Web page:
7.      A measure shall take effect when the notice is published or at a time specified in the notice that is after its publication and shall only apply in relation to a transaction entered into after the measure takes effect.

8       ESMA shall review its measures referred to in paragraph 1(c) at appropriate intervals and at least every three months. If a measure is not renewed after that three-month period, it shall automatically expire. Paragraphs 2 to 8 shall apply to a renewal of measures.

9.      A measure adopted by ESMA under this Article shall prevail over any previous measure taken by a competent authority under Article 72(f), (g) and (ha) of Directive .../.../EU [new MiFID].

10.    The Commission shall adopt delegated acts in accordance with Article 41 specifying criteria and factors to be taken into account by ESMA in determining when a threat to the orderly functioning and integrity of financial markets including in relation to delivery arrangements for physical commodities, or the stability of the whole or part of the financial system in the Union referred to in paragraph 2(a) arise. Those criteria and factors shall take into account the draft regulatory technical standards developed in accordance with Article 59(3) of Directive .../.../EU [new MiFID] and shall differentiate between situations where ESMA takes action because a competent authority has failed to act and those where ESMA addresses an additional risk which the competent authority is not able to address pursuant to Article 72(f), (g) and (ha) of Directive .../.../EU [new MiFID].

TITLE VIII

Provision of services or activities without a branch by third-country firms

Article 36

General provisions

1       A third-country firm may provide investment services or perform activities to eligible counterparties and to professional clients within the meaning of Section I of Annex II to Directive .../.../EU [new MiFID] established in the Union without the establishment of a branch only where it is registered in the register of third-country firms kept by ESMA in accordance with Article 37.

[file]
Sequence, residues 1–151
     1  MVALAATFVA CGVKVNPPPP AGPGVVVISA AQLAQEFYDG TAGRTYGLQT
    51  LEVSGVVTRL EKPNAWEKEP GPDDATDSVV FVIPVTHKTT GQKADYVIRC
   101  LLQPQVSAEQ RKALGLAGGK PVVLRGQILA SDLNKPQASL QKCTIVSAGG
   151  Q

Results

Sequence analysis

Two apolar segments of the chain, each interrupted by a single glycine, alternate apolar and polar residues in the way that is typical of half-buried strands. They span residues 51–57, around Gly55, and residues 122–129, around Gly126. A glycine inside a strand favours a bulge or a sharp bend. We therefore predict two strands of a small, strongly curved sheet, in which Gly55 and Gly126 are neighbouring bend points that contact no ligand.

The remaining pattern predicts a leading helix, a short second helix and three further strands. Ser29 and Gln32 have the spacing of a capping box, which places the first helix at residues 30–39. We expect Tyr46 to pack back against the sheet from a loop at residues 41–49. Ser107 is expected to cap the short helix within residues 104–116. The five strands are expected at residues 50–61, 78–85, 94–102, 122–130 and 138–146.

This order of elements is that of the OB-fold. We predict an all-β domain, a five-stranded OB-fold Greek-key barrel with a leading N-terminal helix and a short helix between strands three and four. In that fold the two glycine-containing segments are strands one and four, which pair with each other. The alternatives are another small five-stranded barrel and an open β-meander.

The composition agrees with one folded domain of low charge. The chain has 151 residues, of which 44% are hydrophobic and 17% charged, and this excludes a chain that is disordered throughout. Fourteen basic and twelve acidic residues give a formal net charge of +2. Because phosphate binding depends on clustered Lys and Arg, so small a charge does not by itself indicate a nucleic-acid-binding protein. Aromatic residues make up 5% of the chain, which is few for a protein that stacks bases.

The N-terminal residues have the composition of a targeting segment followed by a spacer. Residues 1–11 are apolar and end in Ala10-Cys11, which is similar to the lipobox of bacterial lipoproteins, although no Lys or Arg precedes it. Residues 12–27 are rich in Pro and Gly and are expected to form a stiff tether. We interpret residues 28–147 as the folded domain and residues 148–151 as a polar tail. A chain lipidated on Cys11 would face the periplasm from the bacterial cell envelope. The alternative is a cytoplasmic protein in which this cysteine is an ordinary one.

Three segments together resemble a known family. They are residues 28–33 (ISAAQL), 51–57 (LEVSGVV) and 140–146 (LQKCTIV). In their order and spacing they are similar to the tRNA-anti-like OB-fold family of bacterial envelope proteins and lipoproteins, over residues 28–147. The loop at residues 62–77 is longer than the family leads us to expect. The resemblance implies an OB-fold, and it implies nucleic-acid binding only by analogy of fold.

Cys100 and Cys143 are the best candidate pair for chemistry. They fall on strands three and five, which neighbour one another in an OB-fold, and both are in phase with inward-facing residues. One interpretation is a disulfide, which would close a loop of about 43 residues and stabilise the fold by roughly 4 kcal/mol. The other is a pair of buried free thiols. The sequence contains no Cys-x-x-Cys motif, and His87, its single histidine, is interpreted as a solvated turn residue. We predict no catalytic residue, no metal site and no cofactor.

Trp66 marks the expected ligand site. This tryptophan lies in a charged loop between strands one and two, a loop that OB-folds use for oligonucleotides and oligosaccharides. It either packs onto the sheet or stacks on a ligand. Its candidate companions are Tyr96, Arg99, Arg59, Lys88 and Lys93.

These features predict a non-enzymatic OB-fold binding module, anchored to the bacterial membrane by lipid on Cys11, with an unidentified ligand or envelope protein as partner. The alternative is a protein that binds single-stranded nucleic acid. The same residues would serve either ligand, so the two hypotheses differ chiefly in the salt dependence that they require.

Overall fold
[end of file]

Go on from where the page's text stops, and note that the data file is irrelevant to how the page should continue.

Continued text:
2.      ESMA shall register a third-country firm that has applied for the provision of investment services or performance of activities in the Union in accordance with paragraph 1 only where the following conditions are met:

(a)     the Commission has adopted a decision in accordance with Article 37(1);

(b)    the firm is authorised in the jurisdiction where its head office is established to provide the investment services or activities to be provided in the Union and it is subject to effective supervision and enforcement ensuring a full compliance with the requirements applicable in that third country;

(c)     cooperation arrangements have been established pursuant to Article 37(2).

2a.    Where a third-country firm is registered in accordance with this Article, Member States shall not impose any additional requirements on the third-country firm in respect of matters covered by this Regulation or by Directive …/…/EU [new MiFID].

3.      The third-country firm referred to in paragraph 1 shall submit its application to ESMA after the adoption by the Commission of the decision referred to in Article 37 determining that the legal and supervisory framework of the third country in which the third-country firm is authorised is equivalent to the requirements described in Article 37(1).

The applicant third-country firm shall provide ESMA with all information necessary for its registration. Within 30 working days of receipt of the application, ESMA shall assess whether the application is complete. If the application is not complete, ESMA shall set a deadline by which the applicant third-country firm is to provide additional information.

The registration decision shall be based on the conditions set out in paragraph 2.